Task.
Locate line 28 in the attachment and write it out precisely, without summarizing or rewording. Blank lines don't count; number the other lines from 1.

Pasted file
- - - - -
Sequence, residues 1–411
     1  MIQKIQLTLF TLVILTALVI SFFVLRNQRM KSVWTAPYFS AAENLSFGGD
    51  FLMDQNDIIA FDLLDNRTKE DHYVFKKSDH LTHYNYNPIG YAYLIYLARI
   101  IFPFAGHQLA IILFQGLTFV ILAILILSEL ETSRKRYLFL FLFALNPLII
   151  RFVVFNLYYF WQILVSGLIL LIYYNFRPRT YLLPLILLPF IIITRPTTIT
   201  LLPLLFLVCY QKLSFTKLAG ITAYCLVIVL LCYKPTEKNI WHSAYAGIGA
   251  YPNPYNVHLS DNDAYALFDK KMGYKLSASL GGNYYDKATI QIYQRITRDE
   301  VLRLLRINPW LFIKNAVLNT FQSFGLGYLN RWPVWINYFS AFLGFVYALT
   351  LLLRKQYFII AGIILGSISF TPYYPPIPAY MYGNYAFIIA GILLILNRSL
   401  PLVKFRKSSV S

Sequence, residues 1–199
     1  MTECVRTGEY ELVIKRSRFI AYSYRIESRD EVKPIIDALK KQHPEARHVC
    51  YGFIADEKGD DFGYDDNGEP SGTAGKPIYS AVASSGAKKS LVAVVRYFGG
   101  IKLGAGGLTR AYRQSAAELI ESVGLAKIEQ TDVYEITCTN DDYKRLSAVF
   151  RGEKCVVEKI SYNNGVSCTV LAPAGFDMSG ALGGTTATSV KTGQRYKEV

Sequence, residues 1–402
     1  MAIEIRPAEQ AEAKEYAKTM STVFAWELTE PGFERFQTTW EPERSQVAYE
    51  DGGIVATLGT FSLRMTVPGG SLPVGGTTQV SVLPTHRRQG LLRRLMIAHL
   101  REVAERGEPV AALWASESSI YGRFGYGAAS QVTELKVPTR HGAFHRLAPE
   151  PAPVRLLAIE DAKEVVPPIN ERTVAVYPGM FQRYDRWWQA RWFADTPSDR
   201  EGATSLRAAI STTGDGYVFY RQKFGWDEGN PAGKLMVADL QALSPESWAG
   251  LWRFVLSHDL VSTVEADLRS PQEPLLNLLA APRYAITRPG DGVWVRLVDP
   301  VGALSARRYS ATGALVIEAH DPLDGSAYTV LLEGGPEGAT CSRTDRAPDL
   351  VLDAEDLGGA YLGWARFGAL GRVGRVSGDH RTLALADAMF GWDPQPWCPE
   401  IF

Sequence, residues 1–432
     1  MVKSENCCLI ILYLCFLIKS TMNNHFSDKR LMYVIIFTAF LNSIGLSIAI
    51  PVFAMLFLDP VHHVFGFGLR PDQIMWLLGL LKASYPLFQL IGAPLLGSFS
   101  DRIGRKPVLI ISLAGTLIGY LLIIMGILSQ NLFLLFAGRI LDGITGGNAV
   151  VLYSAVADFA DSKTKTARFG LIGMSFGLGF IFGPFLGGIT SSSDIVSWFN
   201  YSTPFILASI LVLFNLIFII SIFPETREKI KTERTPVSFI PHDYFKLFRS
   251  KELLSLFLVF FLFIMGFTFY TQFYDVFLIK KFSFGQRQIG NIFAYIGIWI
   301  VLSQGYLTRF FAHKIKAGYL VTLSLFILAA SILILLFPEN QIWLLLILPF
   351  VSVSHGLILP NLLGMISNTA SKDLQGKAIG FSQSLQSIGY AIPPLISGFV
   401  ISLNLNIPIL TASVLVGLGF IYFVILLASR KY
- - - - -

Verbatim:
    51  PVFAMLFLDP VHHVFGFGLR PDQIMWLLGL LKASYPLFQL IGAPLLGSFS